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Scientology: still battling to find its place in Spain

Thirty-four years after it arrived, the religion has yet to find a foothold in Spanish society

Iván Arjona runs the Church of Scientology in Spain.
Iván Arjona runs the Church of Scientology in Spain.

The young couple isn’t keen on going in, despite the polite persistence of the young man inviting them to see “a very short video.” Eventually, they move on. The scene takes place one Sunday morning in late spring outside the Madrid headquarters of the Church of Scientology, a former convent that cost the organization €12 million. It’s been 34 years since the religion set up in 1954 by L. Ron Hubbard came to Spain, and almost a decade since it moved into this elegantly restored 19th-century building a stone’s throw from Congress in the center of the capital. “They have invested a lot of money, but with few results,” says an academic who has researched the organization, and asks to remain anonymous.

But Iván Arjona, a 34-year-old who has been a Scientologist for the last 17 years and now runs the organization in Spain, disagrees. “Things are going very well,” he insists, explaining that a new center will be opening in Bilbao shortly, adding to its 13 others. The expansion has proved costly, and even though it has managed to be accepted as a religious organization in Spain, this has not brought the Church of Scientology any financial benefits.

“It is easy to register a new religion, but these days it doesn’t really give you any special rights; it’s just a way of establishing a legal identity and providing an aura of respectability,” says Javier Martínez-Torrón, professor of ecclesiastical law at Madrid’s Complutense University. Neither does it mean tax breaks: “That only applies to religions with a historical presence here that have signed agreements with the state.” In other words, the Catholic Church, the Protestant federations, the Jewish faith, and Islam. Everybody else has to pay tax, even on donations.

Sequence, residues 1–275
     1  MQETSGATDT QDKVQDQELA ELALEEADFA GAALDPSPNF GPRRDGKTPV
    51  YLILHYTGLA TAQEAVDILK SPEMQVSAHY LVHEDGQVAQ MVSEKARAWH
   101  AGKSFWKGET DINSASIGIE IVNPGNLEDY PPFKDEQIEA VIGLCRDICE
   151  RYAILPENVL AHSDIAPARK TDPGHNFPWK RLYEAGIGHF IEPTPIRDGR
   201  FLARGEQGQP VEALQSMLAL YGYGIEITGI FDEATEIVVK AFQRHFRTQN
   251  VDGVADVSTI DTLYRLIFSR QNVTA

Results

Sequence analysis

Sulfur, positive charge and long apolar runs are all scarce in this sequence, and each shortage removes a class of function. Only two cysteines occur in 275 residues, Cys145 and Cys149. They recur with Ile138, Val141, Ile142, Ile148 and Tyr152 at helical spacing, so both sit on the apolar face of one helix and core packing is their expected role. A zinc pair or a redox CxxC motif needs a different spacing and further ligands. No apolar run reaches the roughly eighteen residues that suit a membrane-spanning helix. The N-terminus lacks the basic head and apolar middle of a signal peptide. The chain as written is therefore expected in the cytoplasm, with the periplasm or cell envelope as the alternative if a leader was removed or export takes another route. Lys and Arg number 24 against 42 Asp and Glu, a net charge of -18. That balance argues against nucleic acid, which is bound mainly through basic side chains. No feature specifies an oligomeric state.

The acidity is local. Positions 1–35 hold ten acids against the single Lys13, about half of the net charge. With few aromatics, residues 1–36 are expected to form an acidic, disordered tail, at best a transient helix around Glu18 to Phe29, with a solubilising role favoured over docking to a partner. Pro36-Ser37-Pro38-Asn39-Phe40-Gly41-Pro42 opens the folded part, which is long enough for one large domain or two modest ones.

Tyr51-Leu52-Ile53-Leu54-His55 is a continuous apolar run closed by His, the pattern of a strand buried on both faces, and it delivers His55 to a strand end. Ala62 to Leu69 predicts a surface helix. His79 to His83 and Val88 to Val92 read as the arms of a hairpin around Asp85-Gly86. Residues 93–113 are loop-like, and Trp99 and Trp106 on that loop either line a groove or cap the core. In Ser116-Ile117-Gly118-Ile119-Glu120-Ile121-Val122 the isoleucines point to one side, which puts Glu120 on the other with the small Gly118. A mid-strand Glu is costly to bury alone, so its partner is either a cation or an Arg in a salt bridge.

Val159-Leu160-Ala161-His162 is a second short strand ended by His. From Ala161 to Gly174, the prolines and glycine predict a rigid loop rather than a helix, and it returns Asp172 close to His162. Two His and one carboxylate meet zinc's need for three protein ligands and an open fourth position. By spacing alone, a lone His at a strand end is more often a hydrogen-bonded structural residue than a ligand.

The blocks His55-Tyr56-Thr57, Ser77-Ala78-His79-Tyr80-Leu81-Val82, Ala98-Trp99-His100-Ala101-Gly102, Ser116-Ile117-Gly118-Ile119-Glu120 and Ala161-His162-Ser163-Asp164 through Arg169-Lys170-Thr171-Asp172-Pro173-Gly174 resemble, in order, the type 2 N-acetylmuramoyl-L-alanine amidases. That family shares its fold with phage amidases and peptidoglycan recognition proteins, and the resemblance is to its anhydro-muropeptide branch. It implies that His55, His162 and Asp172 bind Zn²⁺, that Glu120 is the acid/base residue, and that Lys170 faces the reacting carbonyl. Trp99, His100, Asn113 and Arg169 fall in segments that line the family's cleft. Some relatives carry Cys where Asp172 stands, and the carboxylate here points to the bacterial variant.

A new center will be opening in Bilbao shortly, adding to its 13 others

Arjona believes that religions should be self-financing. In Spain, there are just 11,000 Scientologists, all of whom pay for the privilege. Crossing the bridge of freedom to spiritual liberation, as Scientology proposes, requires cash. Auditing, which involves being hooked up to a galvanometer, or E-Meter (a device similar to a lie detector), while an experienced Scientologist monitors your answers to find conflict, must be paid for. Then there are the scripture study courses, which become more expensive as they progress. Training to become an auditor takes six months and costs €6,000: “around the cost of a Masters,” points out Arjona.

The head of Spain’s Scientologists occupies a small office in the fifth floor of the building. He’s wearing a black suit, the uniform of the Sea Organization, a kind of internal warrior priesthood. Despite his youth, Arjona is a veteran of the good fight. In 1988, dozens of members were arrested in Madrid, and 15 brought before the courts, although they were later absolved. Such experiences have made him wary of the media, and he regularly writes letters protesting about what he sees as distortions and untruths. He is rattled when he hears L. Ron Hubbard described as a science-fiction writer: “He wrote about a great deal more than that.”